Big Island, HI, USA
Jan. 6, 2003 to Jan. 9, 2003
Vladimir Kvassov , ?bo Akademi University
The paper studies the relationship between information technology (IT), time personality and managerial productivity. Time personality is captured by concepts of polychronicity and monochronicity. They reflect an individual?s preference for being engaged in either many (polychronicity) or one (monochronicity) activity at a time block. The concepts of time personality, poly-/monochronicity are represented by a set of the temporal dimensions. In this paper we present a descriptive study in a form of survey, in which the temporal dimensions serve as mediators between IT and productivity. By conducting this study we aim to find evidence for the existence of link between IT, poly/monochronicity and the productivity of managerial work. Analysis of the data shows the positive nature of the relationships between IT and productivity within the frames of the research design. Managers reported that IT influences productivity positively by altering the temporal dimensions. We also found differences between the impact of IT on the productivity of senior and middle managers. While the work of middle managers is greatly influenced by organizational processes, the work of senior managers is influenced by such a factor as their personality. Personal preferences are often ignored in current practice of IS development — a fact that weakens the positive impact of IT on the productivity of managers. In our paper we propose an approach to the development of IS that takes into account a manager?s time personality. The approach is based on an understanding and modeling of managerial activities and an elicitation of requirements imposed by different time personalities on the management information systems.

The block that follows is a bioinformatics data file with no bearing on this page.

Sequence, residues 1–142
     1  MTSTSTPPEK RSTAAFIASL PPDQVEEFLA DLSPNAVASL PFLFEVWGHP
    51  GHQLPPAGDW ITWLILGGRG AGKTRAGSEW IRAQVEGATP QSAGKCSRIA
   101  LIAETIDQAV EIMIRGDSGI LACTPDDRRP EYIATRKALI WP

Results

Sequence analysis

Vladimir Kvassov, "The Effects of Time and Personality on the Productivity of Management Information Systems", HICSS, 2003, 36th Hawaii International Conference on Systems Sciences, 36th Hawaii International Conference on Systems Sciences 2003, pp. 256a, doi:10.1109/HICSS.2003.1174735